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Systemic signals regulate ageing and rejuvenation of blood stem cell niches

A Retraction to this article was published on 13 October 2010


Ageing in multicellular organisms typically involves a progressive decline in cell replacement and repair processes, resulting in several physiological deficiencies, including inefficient muscle repair, reduced bone mass, and dysregulation of blood formation (haematopoiesis). Although defects in tissue-resident stem cells clearly contribute to these phenotypes, it is unclear to what extent they reflect stem cell intrinsic alterations or age-related changes in the stem cell supportive microenvironment, or niche. Here, using complementary in vivo and in vitro heterochronic models, we show that age-associated changes in stem cell supportive niche cells deregulate normal haematopoiesis by causing haematopoietic stem cell dysfunction. Furthermore, we find that age-dependent defects in niche cells are systemically regulated and can be reversed by exposure to a young circulation or by neutralization of the conserved longevity regulator, insulin-like growth factor-1, in the marrow microenvironment. Together, these results show a new and critical role for local and systemic factors in signalling age-related haematopoietic decline, and highlight a new model in which blood-borne factors in aged animals act through local niche cells to induce age-dependent disruption of stem cell function.

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Figure 1: Exposure to young circulating factors restores LT-HSC numbers and function, and osteoblastic niche cell number in aged mice.
Figure 2: Circulating factors rejuvenate HSC regulatory activity of osteoblastic niche cells.
Figure 3: Heterochronic serum alters osteoblastic niche cell activity.
Figure 4: Neutralization of IGF-1 in vitro inhibits accumulation of HSPCs induced by aged osteoblastic niche cells.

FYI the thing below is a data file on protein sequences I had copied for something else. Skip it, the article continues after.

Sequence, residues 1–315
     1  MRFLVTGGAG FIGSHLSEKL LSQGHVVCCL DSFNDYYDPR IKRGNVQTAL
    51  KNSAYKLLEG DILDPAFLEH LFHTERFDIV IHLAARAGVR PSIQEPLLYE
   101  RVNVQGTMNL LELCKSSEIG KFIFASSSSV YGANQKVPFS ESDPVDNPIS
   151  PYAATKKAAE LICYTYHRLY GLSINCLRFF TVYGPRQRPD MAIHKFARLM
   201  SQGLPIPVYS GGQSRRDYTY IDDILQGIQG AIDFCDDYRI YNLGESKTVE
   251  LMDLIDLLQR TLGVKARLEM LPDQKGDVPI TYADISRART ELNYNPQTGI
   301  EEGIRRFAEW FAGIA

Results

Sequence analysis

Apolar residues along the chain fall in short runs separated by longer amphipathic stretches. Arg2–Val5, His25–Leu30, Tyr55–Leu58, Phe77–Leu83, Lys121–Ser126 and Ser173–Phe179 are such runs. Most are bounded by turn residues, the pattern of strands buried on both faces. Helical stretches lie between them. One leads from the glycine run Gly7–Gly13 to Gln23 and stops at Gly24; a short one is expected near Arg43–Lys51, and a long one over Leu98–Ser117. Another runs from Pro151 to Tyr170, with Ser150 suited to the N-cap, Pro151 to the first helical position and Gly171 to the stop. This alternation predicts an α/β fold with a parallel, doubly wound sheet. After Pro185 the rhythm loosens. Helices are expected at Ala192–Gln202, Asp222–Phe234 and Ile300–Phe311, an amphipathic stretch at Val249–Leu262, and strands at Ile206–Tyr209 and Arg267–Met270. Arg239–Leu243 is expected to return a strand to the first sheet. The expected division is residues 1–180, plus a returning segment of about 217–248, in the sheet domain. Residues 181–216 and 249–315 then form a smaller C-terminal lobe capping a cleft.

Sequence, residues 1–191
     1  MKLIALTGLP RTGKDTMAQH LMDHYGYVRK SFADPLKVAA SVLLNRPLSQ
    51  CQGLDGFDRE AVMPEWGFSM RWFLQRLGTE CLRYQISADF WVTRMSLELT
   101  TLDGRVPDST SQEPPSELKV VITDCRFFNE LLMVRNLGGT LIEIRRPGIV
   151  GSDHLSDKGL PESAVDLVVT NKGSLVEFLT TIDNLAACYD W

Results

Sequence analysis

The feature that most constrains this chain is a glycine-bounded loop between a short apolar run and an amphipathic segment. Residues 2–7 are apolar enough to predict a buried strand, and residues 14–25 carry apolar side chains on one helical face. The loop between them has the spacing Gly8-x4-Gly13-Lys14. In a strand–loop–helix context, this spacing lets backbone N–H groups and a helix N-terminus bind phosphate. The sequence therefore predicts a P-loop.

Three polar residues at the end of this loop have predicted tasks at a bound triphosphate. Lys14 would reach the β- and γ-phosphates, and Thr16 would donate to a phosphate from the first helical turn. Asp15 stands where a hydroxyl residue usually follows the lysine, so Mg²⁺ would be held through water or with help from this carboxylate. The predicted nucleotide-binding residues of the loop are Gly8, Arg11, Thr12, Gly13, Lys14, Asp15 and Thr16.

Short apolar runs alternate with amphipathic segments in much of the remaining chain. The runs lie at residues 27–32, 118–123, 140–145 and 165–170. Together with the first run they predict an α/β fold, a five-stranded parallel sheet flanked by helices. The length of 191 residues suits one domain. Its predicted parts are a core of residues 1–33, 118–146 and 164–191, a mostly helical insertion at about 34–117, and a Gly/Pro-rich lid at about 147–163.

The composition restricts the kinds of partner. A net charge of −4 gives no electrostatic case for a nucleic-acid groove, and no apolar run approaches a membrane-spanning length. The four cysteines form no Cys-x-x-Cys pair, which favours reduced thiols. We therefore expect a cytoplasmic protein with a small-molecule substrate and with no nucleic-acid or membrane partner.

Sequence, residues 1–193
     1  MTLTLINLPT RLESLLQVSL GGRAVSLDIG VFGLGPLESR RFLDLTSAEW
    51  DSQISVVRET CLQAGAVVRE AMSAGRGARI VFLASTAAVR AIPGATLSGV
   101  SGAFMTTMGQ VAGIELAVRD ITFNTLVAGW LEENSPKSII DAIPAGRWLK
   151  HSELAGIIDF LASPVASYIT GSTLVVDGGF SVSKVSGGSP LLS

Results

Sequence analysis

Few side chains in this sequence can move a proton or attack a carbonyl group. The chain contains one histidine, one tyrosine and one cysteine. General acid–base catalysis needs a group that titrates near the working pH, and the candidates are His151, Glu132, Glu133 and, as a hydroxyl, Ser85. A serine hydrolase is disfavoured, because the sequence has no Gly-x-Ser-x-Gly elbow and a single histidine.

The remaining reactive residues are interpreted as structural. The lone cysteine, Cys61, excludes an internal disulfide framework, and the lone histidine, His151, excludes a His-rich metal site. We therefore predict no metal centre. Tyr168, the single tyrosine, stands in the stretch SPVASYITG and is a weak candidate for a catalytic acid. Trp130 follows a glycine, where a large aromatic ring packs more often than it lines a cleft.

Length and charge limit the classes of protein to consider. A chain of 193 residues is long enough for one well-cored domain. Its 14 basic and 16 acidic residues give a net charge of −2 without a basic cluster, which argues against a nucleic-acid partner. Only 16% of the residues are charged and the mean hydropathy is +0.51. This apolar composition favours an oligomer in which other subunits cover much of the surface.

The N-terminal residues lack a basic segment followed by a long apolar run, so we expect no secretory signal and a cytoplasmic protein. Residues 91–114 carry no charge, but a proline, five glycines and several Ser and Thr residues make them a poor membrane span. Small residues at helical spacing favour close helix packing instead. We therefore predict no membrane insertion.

Figure 5: Local neutralization of IGF-1 in the bone marrow inhibits accumulation of HSPCs induced by aged osteoblastic niche cells.


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This work was supported in part by funding from the Burroughs-Welcome Fund, WM Keck Foundation, Glenn Foundation, and National Institutes of Health (NIH) 1 DP2 OD004345-01 (to A.J.W.), by fellowships from the NIH (T32DK07260-29) and the Iacocca Foundation (to S.R.M.), and by the Joslin Diabetes Center DERC (P30DK036836). We thank J. LaVecchio and G. Buruzula for expert cell sorting, C. J. Luckey for anti-IGF-1 antibody, and L. Zon, R. Lee, D. Rossi, L. P. Kane, S. Lowe and C. Dall’Osso for helpful advice and critical reading of the manuscript. The content is solely the responsibility of the authors and does not necessarily represent the official views of the NIH.

Author Contributions S.R.M. and A.J.W. designed and interpreted experiments. S.R.M. performed and analysed the experiments. J.L.S. assisted in parabiosis procedures, and F.S.K. assisted in LT-HSC analysis from parabiotic mice.

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Correspondence to Amy J. Wagers.

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The authors declare no competing financial interests.

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Mayack, S., Shadrach, J., Kim, F. et al. Systemic signals regulate ageing and rejuvenation of blood stem cell niches. Nature 463, 495–500 (2010).

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